Samsung Banking On IoT To Grow Its Semiconductor Business


According to Mr. Byung-se So, EVP of Samsung Strategy and Innovation Center, the South Korean multinational is apparently banking on the Internet of Things (IoT) to raise its market share in the global semiconductor space. Mr. So was speaking at an investors' forum in Seoul, South Korea, where he expressed hope that IoT and related applications will fuel growth in the semiconductor industry in the foreseeable future. He also made it amply clear that Samsung intends to become an end-to-end solutions provider and not remain just a hardware vendor, by talking about the company's IoT-specific ARTIK chips that were launched by the firm earlier this year.

According to Samsung's forecast, IoT will eventually account for as much as 25-percent of the global semiconductor market that's currently growing at 7-percent per annum. That being the case, the company apparently believes it will be in pole position to grab a whopping 53-percent of the global IoT hardware and equipment market when the 'Smart Home' revolution becomes more mainstream by the year 2020. Samsung has actually even specified the exact number of IoT devices it expects its chips to power by the end of this decade, saying that as many as 6.6 billion IoT devices ranging from smart home to distribution, healthcare to transportation should run on Samsung-designed chips in the next four years.


With such ambitious projections put forth by Samsung Electronics, one couldn't help but wonder if the company is discounting fellow chipmakers and competitors like Qualcomm and Intel at its own peril. According to Mr. So, however, the fact that the South Korean tech giant is offering complete ecosystems helps it deliver 'additional value' with its offerings as opposed to its rivals who only offer basic System-on-Chip (SoC) solutions. Of course, unwilling to remain just a hardware vendor, Samsung is jumping into the software services sector in recent times, spending big bucks on acquiring companies like Joyent, which happens to be an US-based cloud services provider.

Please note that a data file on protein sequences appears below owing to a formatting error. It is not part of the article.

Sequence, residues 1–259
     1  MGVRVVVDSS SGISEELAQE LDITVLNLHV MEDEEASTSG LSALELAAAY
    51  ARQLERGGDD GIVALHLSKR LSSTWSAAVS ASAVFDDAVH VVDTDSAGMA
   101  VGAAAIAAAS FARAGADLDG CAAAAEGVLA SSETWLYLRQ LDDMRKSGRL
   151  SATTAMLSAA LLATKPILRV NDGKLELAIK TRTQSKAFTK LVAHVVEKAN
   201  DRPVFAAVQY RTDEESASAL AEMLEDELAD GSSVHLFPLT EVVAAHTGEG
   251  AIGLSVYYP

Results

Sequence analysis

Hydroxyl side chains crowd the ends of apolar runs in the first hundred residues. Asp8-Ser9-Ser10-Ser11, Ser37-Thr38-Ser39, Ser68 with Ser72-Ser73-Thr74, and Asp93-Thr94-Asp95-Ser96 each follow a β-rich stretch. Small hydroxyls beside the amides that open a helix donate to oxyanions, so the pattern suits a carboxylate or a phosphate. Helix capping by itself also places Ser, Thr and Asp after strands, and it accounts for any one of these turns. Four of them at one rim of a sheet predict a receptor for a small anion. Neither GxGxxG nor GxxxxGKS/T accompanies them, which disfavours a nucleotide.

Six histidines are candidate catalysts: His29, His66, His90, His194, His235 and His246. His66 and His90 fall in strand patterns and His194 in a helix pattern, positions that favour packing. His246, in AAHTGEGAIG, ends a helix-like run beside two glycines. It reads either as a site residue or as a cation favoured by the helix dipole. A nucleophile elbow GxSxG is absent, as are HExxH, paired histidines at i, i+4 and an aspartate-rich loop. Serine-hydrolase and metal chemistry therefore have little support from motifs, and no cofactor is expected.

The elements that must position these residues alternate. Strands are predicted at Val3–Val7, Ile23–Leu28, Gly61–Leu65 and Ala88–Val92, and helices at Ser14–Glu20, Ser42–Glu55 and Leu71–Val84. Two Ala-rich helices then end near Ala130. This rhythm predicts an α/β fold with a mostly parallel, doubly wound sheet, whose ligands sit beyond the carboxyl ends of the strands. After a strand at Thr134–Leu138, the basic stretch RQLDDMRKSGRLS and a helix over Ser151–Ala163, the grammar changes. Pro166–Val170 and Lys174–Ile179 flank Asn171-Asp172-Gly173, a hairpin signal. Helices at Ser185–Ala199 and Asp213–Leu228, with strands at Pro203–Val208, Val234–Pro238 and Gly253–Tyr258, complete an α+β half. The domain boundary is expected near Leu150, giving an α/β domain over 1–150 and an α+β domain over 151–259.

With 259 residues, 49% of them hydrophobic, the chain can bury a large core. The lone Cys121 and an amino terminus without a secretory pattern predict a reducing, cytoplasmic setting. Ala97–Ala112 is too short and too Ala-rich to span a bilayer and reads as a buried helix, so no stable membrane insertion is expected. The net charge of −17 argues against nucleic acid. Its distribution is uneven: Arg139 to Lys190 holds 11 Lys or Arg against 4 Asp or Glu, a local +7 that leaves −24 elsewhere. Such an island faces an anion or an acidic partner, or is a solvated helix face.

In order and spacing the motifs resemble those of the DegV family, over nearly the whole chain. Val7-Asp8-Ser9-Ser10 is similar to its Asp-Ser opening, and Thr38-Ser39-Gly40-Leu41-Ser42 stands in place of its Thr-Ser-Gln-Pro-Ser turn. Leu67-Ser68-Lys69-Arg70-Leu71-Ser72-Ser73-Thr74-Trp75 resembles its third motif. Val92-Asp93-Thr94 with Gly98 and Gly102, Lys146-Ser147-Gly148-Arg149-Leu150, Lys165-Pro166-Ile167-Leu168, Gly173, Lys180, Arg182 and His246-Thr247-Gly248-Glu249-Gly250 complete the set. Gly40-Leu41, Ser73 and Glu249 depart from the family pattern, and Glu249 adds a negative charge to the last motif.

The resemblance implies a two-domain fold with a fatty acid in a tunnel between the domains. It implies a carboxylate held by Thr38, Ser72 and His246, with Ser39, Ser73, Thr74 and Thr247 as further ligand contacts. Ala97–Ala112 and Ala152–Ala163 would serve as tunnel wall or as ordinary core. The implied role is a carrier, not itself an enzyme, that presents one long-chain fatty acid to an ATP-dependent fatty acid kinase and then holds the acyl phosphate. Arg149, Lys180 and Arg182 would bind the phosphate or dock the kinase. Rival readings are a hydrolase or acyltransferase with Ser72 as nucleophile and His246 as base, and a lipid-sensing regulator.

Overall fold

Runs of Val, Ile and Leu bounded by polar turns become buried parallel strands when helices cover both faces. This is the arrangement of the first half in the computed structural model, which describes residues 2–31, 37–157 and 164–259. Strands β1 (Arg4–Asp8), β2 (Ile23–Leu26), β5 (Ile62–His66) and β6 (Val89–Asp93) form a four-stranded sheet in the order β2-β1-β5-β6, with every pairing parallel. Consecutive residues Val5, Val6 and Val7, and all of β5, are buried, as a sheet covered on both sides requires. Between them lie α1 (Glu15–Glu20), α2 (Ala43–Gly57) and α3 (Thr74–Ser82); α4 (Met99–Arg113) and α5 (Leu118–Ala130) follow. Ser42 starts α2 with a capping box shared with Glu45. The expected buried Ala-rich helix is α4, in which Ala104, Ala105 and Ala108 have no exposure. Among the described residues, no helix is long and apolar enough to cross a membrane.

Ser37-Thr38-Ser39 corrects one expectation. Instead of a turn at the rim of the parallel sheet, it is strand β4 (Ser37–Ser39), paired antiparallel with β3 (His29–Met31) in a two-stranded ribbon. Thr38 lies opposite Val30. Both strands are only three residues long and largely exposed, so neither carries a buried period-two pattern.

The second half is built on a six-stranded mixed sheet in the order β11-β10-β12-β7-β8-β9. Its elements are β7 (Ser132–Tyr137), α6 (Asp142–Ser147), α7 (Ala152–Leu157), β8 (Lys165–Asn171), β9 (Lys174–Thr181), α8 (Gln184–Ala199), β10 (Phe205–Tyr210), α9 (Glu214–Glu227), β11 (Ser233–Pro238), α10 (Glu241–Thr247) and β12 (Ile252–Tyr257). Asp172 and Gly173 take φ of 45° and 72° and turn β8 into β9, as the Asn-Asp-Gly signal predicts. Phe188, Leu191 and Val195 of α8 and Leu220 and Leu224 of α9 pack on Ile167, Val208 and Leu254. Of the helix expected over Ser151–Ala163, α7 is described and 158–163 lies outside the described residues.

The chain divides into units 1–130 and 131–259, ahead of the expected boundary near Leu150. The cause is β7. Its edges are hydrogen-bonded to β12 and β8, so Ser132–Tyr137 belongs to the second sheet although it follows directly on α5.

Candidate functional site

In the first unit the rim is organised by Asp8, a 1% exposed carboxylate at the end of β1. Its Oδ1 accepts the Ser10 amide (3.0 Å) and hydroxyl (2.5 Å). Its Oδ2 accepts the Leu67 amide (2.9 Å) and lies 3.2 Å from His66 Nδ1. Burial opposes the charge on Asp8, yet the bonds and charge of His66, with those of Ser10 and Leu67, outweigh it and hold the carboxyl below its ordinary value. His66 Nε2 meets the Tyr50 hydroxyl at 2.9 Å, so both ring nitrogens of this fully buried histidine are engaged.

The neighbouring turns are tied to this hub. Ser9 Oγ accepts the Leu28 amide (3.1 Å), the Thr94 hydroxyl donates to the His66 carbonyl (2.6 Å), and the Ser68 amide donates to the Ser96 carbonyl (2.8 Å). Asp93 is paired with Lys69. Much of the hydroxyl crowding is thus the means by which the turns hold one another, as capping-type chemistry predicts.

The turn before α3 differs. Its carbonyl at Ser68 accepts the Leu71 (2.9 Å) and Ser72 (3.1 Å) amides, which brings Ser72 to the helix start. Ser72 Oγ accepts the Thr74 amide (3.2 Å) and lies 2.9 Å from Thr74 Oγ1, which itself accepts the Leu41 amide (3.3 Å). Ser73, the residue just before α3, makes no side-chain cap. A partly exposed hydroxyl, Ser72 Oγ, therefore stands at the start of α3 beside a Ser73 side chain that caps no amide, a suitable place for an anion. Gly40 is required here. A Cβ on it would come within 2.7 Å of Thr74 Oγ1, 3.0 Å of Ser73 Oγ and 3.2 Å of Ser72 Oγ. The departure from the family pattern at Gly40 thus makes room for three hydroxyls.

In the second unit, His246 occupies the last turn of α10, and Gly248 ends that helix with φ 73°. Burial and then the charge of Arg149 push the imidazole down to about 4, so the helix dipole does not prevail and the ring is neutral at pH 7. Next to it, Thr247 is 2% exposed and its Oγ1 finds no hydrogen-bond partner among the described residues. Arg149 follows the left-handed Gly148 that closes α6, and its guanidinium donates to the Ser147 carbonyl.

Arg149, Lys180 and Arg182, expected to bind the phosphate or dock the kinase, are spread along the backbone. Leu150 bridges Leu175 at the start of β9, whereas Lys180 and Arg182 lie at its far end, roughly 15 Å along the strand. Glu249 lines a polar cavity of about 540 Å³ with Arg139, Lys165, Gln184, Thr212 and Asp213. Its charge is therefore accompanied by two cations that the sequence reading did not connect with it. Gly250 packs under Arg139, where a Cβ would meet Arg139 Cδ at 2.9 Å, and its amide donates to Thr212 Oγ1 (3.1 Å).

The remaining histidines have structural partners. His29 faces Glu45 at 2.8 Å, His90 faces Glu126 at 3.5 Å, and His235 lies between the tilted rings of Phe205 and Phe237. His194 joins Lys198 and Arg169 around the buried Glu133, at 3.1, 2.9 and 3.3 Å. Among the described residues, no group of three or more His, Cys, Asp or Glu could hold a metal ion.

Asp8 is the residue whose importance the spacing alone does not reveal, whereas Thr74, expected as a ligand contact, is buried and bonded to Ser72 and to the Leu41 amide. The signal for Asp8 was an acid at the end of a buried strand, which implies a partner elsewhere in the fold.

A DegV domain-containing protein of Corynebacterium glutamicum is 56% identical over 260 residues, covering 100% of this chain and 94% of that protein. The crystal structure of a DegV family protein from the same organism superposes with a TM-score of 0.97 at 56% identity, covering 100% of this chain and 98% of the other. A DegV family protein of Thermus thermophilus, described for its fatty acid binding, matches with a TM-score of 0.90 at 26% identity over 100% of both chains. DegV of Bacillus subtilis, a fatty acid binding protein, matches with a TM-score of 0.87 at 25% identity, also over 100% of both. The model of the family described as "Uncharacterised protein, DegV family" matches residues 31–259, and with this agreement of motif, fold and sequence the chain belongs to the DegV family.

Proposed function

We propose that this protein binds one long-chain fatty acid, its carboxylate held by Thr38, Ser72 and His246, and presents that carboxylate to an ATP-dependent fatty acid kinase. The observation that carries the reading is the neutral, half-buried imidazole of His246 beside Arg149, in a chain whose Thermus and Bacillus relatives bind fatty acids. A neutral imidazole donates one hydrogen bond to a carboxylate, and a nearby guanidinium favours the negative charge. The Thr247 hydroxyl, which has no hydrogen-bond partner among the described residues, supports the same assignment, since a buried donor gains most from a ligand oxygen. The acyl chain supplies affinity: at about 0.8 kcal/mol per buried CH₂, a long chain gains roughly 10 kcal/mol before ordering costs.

Even as Samsung sounded extremely bullish about its future in the IoT space going forward, the one sore point was the fact that only about 97-percent of the company's chips are IoT compliant, which compares poorly to its rivals, who have near 100-percent compatibility with their chips. Samsung's EVP, however, blew away any such concerns by insisting that its integrated ecosystem will help make up for those shortcomings and help it win against its competitors, who, he insisted, are not going to be able to compete with Samsung in the absence of mature cloud-based platforms.

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    I've always been a tech buff and have been building my own PCs since as far back as I can remember. My first computer was a home-built desktop running MS-DOS on which I learnt to program in GW-BASIC and my interests apart from technology include automobiles and sports.

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